To make sure that the patient does not become trapped between the mattress and the bed frame, the healthcare facility should use mattresses fitted to the bed rail. Most importantly, a patient’s healthcare team should check in frequently, asking the patient if he or she needs anything and ensuring that they are comfortable in bed.

It is essential that a patient’s healthcare team talk to the patient and the patient’s family to make sure that the use of a bed rail is the right choice. In some situations, the risks associated with the use of a bed rail outweigh the benefits. However, in other cases, this scenario is reversed. If it is determined that bed rail use is the best course of action, then the patient’s need for a bed rail should be reassessed regularly.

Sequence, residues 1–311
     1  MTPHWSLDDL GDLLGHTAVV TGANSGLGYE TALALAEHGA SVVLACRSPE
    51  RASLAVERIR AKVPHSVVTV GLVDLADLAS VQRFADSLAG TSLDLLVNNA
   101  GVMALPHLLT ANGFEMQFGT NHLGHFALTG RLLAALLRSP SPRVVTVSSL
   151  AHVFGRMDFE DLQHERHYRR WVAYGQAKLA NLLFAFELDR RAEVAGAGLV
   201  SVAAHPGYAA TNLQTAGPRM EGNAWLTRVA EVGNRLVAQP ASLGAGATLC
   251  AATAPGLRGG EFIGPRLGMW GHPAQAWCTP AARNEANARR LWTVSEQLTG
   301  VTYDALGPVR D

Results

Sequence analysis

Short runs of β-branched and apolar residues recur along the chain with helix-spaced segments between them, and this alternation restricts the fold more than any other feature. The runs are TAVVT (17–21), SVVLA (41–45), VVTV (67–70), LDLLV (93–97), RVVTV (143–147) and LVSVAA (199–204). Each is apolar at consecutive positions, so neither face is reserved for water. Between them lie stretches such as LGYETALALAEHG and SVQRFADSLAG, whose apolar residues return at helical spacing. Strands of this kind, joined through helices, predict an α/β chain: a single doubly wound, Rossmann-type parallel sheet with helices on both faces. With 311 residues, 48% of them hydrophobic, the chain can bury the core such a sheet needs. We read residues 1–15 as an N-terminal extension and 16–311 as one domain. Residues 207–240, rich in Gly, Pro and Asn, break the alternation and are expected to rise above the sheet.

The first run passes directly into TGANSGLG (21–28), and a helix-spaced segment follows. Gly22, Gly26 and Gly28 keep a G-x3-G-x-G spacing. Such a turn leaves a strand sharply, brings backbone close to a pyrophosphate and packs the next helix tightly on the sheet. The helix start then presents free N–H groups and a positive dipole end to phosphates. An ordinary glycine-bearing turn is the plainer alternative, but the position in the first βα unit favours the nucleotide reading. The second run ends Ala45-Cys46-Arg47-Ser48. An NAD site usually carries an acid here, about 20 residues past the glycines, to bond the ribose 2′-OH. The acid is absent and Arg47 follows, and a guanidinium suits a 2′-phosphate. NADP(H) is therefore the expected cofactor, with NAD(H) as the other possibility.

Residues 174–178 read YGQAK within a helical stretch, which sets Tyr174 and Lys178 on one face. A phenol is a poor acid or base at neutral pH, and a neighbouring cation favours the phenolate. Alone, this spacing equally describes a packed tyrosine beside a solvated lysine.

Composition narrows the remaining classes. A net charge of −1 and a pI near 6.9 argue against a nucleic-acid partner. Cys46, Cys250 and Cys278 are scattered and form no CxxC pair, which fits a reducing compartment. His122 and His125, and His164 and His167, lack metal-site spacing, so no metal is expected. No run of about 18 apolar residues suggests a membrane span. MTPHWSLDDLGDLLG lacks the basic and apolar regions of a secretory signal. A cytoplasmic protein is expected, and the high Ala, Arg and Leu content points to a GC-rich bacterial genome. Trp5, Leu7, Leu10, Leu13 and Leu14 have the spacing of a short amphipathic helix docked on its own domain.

If you or a loved one has been injured or has died from an accident involving a bed rail or lack thereof, you can reach the experienced New York nursing home abuse and elderly neglect attorneys at Hach & Rose, LLP at (212) 779-0057 for a free case consultation.

Understanding the Emotional Effects of Nursing Home Abuse


As Americans enjoy extended life spans, the elderly population grows. In fact, the National Center on Elder Abuse (NCEA) estimates that the elderly population of those 65 and over will increase to 83.7 million by 2050. In many cases, the elderly require constant care from trained professions/caregivers available only in nursing homes and assisted living facilities. As a result, in 2014, there were 1.4 million nursing home residents.